Posted : 2009-04-12 21:05
Updated : 2009-04-12 21:05

Seoul St. Mary’s Hospital Goes Global

Director Hwang Tae-kon
By Bae Ji-sook
Staff Reporter

Large hospitals in Seoul have been rushing to install state-of-the-art machinery, introduce new techniques and show off lavish skyscrapers.

St. Mary's Hospital linked, to the Catholic University of Korea, is the latest in the pack.
It completed an eye-popping 22-story glass-covered building with 1,200 beds on March 16. The hospital is to become one of the ``Top 3'' in Korea and is estimated to have invested one trillion won for the project.

It was considered one of the major five hospitals with 600 beds, but its small building had projected the impression that the hospital was smaller than others.

The hospital's director, Hwang Tae-kon, said he is ready to show the world that the hospital, the largest among Catholic medical facilities in the world, is ready to compete with other medical giants, not only in Korea, but worldwide. The hospital has financed more than 250 billion won to buy the newest and best medical devices, not only for operation rooms but also beds and other equipment.

``Forget overly small and humble beds and devices. I think it's good for the Catholic community to have a hospital that can provide the newest and best services to patients,'' Hwang said. ``The hospital will symbolize the newest and best of medical services that Catholic institutions can provide,'' he added.

The hospital has the first magnetic navigation system in the country, as well as cardiac picture archiving and communication systems and dual CT scanner facilities.

But it's not just the staggering hardware that gives Hwang the boost of confidence. The general hospital is praised to have the best corneal transplant center and the oldest and largest bone marrow transplant centers in the nation, as well as renowned gynecological surgery teams. The hospital has also established specialized centers for intensive disease treatment.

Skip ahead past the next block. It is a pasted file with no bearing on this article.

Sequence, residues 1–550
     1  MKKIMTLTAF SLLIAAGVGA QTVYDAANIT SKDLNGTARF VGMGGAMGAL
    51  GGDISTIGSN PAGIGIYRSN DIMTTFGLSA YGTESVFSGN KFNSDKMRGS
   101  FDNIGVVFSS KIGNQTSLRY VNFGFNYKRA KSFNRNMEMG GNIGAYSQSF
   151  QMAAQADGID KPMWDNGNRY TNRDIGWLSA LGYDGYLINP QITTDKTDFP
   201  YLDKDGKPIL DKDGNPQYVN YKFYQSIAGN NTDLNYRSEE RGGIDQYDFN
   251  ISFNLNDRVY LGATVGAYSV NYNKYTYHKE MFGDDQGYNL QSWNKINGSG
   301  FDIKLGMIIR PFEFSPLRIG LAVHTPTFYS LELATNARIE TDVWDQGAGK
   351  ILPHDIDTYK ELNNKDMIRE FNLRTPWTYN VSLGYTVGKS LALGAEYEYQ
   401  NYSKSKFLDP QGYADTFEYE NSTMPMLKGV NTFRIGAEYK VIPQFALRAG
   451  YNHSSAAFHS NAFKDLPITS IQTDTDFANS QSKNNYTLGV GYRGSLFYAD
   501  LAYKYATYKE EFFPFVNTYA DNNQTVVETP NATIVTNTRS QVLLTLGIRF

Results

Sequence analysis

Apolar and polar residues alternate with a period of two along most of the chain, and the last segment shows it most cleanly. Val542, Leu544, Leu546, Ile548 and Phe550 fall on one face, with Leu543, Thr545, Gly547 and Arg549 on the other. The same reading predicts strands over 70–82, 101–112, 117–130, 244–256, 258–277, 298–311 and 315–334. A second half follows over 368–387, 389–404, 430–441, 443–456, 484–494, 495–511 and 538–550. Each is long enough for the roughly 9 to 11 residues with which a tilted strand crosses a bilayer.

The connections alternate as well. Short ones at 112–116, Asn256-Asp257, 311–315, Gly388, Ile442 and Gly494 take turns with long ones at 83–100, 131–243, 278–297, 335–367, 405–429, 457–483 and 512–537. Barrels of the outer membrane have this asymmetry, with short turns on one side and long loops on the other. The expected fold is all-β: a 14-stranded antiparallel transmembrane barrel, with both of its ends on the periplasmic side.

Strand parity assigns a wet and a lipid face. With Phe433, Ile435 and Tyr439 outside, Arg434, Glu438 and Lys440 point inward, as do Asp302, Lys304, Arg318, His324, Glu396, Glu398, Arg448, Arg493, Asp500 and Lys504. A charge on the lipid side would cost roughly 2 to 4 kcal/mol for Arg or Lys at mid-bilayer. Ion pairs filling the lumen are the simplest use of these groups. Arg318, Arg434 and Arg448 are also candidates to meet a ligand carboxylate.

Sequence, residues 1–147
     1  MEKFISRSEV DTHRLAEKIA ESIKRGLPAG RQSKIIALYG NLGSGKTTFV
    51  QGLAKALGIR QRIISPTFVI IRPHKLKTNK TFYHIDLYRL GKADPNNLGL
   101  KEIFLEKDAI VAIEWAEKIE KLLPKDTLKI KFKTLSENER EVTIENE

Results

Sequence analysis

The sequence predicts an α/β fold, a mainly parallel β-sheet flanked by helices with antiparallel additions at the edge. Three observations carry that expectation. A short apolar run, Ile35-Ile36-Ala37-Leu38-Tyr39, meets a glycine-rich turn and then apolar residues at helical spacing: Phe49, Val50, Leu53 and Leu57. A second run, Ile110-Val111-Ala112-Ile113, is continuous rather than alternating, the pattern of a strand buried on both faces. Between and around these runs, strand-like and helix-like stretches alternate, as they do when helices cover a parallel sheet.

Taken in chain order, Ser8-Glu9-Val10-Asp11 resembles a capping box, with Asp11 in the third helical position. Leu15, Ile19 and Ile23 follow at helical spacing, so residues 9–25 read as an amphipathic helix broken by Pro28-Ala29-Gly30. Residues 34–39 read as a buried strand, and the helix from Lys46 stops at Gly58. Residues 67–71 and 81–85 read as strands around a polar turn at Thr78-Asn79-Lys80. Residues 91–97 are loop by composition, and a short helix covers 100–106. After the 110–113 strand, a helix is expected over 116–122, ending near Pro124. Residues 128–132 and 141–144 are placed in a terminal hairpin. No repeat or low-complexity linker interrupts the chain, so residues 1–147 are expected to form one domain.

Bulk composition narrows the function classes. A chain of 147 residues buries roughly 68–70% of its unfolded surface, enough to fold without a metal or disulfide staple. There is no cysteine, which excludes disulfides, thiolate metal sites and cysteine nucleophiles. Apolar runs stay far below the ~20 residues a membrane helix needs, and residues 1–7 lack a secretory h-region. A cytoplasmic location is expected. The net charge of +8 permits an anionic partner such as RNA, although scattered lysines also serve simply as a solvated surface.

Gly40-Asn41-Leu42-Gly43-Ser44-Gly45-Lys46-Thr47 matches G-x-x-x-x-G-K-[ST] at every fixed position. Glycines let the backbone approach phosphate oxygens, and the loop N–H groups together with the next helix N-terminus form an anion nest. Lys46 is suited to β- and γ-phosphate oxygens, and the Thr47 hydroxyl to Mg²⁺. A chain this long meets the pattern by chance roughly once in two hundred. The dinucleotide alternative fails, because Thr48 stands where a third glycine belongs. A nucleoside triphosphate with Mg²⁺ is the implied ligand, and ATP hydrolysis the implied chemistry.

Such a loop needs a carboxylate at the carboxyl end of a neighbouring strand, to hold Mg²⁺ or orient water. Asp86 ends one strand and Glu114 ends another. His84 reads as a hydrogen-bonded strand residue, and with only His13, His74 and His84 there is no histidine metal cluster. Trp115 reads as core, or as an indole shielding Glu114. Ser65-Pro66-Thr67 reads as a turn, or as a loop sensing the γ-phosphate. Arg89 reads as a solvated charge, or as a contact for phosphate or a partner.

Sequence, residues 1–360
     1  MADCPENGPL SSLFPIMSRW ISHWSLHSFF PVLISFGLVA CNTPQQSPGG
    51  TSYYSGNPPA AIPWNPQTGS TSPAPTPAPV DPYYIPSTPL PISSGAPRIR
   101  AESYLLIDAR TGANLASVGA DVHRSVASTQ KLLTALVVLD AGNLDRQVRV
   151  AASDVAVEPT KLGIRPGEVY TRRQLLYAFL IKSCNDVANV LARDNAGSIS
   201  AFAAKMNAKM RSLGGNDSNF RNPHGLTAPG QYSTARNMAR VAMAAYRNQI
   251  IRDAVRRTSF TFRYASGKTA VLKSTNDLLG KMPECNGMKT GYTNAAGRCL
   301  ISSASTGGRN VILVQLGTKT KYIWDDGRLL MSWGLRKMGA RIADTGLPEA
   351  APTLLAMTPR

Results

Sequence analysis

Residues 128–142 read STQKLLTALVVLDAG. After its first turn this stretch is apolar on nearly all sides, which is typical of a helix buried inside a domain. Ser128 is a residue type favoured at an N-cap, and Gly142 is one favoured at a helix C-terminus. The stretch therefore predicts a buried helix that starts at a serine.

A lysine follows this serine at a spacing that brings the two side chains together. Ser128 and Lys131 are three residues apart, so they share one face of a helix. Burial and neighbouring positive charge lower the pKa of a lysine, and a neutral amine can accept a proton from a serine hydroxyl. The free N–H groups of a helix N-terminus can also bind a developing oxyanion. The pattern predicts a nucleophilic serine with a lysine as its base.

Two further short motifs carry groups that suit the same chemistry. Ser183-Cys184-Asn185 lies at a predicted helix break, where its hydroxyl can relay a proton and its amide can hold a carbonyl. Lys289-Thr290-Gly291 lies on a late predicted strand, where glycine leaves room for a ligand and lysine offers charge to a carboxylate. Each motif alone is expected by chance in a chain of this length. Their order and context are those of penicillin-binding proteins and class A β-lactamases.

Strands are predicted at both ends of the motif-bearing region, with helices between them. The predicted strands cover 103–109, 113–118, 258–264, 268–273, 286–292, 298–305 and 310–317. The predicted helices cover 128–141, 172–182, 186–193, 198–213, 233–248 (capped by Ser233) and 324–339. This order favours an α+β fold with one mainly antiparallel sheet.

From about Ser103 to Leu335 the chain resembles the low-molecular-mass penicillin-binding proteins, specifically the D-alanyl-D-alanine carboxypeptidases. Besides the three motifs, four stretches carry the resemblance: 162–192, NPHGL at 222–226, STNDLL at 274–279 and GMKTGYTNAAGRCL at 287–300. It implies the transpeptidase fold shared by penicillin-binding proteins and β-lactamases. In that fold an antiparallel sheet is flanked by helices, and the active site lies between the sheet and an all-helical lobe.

The hospital is ready to attract foreigners as well. It's seeking certification from Joint Commission International, making it the only hospital in the country to do so apart from Yonsei Severance. ``We designed the whole building to be user-friendly and as hygienic as possible to meet JCI standards. I'm sure we'll be getting the highest recognition,'' Hwang said confidently.

Once it receives the JCI acknowledgement, the hospital is likely to gain more trust from foreign patients who use the certification as a basic reference.

Its International Healthcare Center has a Russian staff member with a doctor's license and several coordinators who are fluent in Russian, Chinese, English and other languages.

``Our initial target is Russia. The country seems to understand medical service well and trust Korean skills,'' Hwang said. Hospital spokesman Lee Seung-woo also said Saint Mary is targeting patients willing to stay in Korea for treatment for a bargain price rather than flying to the United States. ``So our initial targets will include Russians, Mongolians and others,'' he said.

To welcome and wow patients, the hospital has deluxe rooms that costs over four million won per night, the most expensive here. ``The hospital has a great view, location and transportation. From the top floor you can see the beautiful scenery of the southern part of Seoul,'' the spokesperson said.

However, Hwang said he doesn't want the hospital to be described as ``flashy.''

``Nearly all medical fees are controlled by the government and patients can benefit from the national insurance system coverage, so the money patients will pay will be the same except for uninsured examinations,'' he said. ``Our actual objective is to provide high-end medical service,'' he said.

Especially established under a Christian spirit, the hospital has been putting efforts in some ``less profitable'' sectors such as ophthalmology, bone marrow transplants, a hospice and other programs. Its hospice service is the oldest in the country.

Hwang said, ``They (patients) deserve the best treatment and the best way to face death. It has nothing to do with lame patient management or anything near it,'' he said.

``Everyone is welcomed at anytime,'' he said.

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